Depending on our energy level, on the way back to camp we might scramble onto the surface of the Chitistone Falls Glacier. This picture perfect ice flow is a beautiful example of glacial-morphology and provides an opportunity to discuss its formation, its growth cycles and its intricate formations of crevasses and ice falls.

DAY 4– Today we don our packs again and climb to Chitistone Pass. We’ll drop off the northern rim of the pass, and eat lunch out of the wind that often howls over the pass as it forces its way between the mountains. Cascading glaciers tumble off the hillside to our left, seemingly close enough to reach out and touch. After eating we’ll walk to a viewpoint of Skolai Valley. A meandering stream curves gracefully away from the jumbled Russell Glacier and forms a large lake at one end of the valley. Opposite, mountains climb back into the sky, corner stoned by Castle Peak. We drop straight down 1500 feet to the valley floor, where we re-enter willow thickets and enjoy the smell of cranberry and cottonwood.beautiful Skolai Pass

We will set up a camp west of the Skolai Pass airstrip, in an area of willows and gravel outwash. The tundra  and adjoining environment is very fragile and we will camp in areas that do as little damage to the ground cover as possible. We will be watchful for herds of caribou that wander this valley.

DAY 5– We will shoulder day packs and climb the bench behind camp, turning west once on top, towards Hole-in-the-Wall Glacier. We’ll continue around the corner and into the glacier basin,  scrambling out onto the moraine for wonderful views of this mystical place. We’ll wander up the moraine for as far as we like, eating lunch along the way then returning to base camp. A small bush plane will pick us up that evening. Two at a time, we’ll depart Skolai Valley for the flight back to McCarthy will  give us wonderful views of the magnificent Nizina Glacier, and the famous folds in the mile-high rock cliffs along the Nizina River.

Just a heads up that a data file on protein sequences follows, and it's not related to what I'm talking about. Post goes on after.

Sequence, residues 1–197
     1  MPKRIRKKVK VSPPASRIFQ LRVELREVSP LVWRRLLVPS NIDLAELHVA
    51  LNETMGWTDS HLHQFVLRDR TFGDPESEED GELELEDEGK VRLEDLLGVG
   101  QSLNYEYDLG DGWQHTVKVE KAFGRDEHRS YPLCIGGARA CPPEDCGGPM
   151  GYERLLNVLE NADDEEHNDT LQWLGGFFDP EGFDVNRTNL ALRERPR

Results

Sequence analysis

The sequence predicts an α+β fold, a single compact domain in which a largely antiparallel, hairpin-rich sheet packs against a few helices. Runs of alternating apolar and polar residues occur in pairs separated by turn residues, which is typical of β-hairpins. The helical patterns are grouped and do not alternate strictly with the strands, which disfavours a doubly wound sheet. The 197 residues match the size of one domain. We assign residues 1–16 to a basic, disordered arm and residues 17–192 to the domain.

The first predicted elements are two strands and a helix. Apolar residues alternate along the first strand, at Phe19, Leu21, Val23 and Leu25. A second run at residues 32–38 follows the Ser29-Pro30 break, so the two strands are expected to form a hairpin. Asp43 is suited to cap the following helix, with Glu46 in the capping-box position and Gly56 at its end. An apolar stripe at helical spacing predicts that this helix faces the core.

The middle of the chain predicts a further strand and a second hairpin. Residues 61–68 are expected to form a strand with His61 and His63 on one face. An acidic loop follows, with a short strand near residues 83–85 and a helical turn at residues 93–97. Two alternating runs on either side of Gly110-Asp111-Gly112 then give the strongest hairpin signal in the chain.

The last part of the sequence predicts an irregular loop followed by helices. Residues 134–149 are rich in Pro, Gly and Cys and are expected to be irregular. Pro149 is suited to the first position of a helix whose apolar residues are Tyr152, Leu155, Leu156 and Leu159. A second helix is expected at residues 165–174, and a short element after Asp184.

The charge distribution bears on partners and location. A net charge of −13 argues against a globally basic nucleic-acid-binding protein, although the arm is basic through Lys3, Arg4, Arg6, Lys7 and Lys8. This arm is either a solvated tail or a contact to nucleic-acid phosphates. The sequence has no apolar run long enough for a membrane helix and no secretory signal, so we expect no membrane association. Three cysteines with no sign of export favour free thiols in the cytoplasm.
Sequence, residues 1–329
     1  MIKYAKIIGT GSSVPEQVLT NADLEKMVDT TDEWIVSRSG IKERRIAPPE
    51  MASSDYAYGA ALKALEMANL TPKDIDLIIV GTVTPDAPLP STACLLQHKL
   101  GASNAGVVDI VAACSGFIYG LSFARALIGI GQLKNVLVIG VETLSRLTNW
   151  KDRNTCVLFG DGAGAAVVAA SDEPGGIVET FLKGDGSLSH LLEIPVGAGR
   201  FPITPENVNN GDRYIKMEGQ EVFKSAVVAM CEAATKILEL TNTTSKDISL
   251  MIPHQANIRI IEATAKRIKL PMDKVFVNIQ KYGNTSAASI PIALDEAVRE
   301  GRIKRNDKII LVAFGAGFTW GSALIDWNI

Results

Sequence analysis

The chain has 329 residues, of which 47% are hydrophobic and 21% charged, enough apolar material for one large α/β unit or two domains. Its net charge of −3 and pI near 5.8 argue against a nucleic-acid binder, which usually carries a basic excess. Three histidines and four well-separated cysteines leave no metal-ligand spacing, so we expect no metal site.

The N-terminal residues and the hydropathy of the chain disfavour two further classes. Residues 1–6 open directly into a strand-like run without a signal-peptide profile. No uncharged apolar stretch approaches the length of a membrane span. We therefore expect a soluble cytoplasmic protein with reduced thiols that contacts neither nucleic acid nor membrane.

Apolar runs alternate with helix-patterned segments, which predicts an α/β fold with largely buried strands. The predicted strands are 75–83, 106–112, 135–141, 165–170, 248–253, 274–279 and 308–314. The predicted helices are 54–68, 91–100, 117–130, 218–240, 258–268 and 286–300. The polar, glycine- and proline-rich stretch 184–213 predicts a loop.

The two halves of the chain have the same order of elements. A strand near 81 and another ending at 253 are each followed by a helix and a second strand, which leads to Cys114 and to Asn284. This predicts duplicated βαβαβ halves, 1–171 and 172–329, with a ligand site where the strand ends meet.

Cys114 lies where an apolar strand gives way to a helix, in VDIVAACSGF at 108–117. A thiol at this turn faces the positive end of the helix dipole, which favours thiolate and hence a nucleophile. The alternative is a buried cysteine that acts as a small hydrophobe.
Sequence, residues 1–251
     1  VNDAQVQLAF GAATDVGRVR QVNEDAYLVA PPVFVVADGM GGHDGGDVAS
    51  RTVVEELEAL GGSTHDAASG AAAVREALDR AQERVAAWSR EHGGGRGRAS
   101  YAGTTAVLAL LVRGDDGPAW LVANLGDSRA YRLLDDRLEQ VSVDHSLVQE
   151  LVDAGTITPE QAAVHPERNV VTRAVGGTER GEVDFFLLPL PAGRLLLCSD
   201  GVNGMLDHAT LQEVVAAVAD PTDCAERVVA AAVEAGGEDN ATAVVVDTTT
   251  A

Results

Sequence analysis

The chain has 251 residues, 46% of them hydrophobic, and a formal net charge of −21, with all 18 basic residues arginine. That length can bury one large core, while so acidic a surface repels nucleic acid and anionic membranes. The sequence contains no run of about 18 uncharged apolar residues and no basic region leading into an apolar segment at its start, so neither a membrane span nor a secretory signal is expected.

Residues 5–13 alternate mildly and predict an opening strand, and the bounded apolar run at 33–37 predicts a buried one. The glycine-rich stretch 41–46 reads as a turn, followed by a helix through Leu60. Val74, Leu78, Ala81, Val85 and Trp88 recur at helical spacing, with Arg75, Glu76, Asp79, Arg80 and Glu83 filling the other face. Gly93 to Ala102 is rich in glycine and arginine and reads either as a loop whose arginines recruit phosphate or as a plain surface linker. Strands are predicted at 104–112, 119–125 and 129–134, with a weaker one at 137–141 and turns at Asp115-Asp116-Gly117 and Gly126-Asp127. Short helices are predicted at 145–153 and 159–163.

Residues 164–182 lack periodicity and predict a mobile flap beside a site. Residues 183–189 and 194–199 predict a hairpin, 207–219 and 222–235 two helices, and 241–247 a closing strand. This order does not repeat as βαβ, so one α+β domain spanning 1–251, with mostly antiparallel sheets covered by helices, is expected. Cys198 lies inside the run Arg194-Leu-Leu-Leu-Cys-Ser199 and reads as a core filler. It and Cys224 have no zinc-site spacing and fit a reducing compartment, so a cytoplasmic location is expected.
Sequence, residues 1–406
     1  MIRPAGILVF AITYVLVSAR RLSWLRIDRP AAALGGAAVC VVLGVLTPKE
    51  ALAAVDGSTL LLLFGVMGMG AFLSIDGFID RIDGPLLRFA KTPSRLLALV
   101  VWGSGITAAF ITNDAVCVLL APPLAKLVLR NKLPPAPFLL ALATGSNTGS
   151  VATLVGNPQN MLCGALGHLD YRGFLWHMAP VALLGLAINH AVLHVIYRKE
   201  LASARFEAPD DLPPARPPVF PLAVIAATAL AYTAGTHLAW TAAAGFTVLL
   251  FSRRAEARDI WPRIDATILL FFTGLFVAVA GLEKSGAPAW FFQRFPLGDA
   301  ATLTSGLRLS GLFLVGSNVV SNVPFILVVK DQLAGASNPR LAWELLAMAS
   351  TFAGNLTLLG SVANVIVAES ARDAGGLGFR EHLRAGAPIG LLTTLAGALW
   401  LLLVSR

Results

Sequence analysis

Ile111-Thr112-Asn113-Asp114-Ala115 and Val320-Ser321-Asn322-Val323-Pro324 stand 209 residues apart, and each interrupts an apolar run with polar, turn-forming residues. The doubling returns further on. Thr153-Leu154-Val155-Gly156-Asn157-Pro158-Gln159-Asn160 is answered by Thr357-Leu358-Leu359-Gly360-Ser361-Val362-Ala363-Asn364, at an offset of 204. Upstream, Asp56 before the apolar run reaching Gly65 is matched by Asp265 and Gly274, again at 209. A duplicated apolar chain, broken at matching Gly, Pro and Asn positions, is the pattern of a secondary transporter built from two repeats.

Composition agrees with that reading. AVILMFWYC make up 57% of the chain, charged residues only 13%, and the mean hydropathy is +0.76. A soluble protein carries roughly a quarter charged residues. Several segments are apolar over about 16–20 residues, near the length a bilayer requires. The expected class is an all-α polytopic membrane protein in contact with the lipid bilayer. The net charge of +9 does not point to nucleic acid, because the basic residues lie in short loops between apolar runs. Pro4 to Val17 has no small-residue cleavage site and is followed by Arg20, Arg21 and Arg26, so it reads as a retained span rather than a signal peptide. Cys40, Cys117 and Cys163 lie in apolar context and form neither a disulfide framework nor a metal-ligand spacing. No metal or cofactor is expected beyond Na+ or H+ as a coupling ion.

Upon our return to McCarthy we’ll either deliver you to your lodging for a warm shower or provide a log-fired sauna in our bath-house.  The therapeutic steam and heat will help ease the re-entry into civilization.

What’s Included?Skolai Pass landing strip

  • Guiding and instruction from skilled professionals. Our personable guides have extensive experience and local knowledge, as well as medical and rescue training.
  • Bush plane flights to and from the backcountry.
  • Delicious breakfasts, lunches, and dinners while in the backcountry, including hot and delicious meals morning and evening, and plenty of trail snacks and lunch food for mid-day nourishment.
  • Group equipment: stoves, pots, tents, fuel, etc.
  • Technical gear: crampons, ice axes (if needed for route)

All you need to bring is your personal gear. You can find a detailed list of the backpacking gear that we recommend you bring on our backpacking equipment list.

If you would like us to arrange your transportation to McCarthy/Kennecott and/or lodging while in the Wrangell-St. Elias National Park, we offer this as a free service to our multi-day clients. Please email or give us a call to discuss the details.

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“A fantastic experience — wild Alaska at its best!”